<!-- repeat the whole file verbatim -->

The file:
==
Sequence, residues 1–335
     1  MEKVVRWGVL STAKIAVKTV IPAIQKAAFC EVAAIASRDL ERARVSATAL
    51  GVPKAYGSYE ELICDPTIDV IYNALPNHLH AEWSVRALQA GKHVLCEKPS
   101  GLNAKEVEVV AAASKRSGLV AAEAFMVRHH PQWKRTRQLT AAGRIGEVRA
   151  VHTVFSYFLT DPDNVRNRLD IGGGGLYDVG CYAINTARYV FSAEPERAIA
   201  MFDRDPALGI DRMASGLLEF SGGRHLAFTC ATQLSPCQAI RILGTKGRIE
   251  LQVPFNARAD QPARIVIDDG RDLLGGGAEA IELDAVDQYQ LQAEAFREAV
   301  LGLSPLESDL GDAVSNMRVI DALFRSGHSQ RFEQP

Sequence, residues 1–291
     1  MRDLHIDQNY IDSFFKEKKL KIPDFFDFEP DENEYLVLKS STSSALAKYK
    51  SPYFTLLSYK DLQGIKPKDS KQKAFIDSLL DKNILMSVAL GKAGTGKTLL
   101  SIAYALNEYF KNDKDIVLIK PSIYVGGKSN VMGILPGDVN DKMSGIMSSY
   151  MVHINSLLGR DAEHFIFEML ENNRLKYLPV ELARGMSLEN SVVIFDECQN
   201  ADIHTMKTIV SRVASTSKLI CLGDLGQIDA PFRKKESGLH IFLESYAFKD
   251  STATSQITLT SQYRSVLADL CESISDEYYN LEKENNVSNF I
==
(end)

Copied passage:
Sequence, residues 1–335
     1  MEKVVRWGVL STAKIAVKTV IPAIQKAAFC EVAAIASRDL ERARVSATAL
    51  GVPKAYGSYE ELICDPTIDV IYNALPNHLH AEWSVRALQA GKHVLCEKPS
   101  GLNAKEVEVV AAASKRSGLV AAEAFMVRHH PQWKRTRQLT AAGRIGEVRA
   151  VHTVFSYFLT DPDNVRNRLD IGGGGLYDVG CYAINTARYV FSAEPERAIA
   201  MFDRDPALGI DRMASGLLEF SGGRHLAFTC ATQLSPCQAI RILGTKGRIE
   251  LQVPFNARAD QPARIVIDDG RDLLGGGAEA IELDAVDQYQ LQAEAFREAV
   301  LGLSPLESDL GDAVSNMRVI DALFRSGHSQ RFEQP

Sequence, residues 1–291
     1  MRDLHIDQNY IDSFFKEKKL KIPDFFDFEP DENEYLVLKS STSSALAKYK
    51  SPYFTLLSYK DLQGIKPKDS KQKAFIDSLL DKNILMSVAL GKAGTGKTLL
   101  SIAYALNEYF KNDKDIVLIK PSIYVGGKSN VMGILPGDVN DKMSGIMSSY
   151  MVHINSLLGR DAEHFIFEML ENNRLKYLPV ELARGMSLEN SVVIFDECQN
   201  ADIHTMKTIV SRVASTSKLI CLGDLGQIDA PFRKKESGLH IFLESYAFKD
   251  STATSQITLT SQYRSVLADL CESISDEYYN LEKENNVSNF I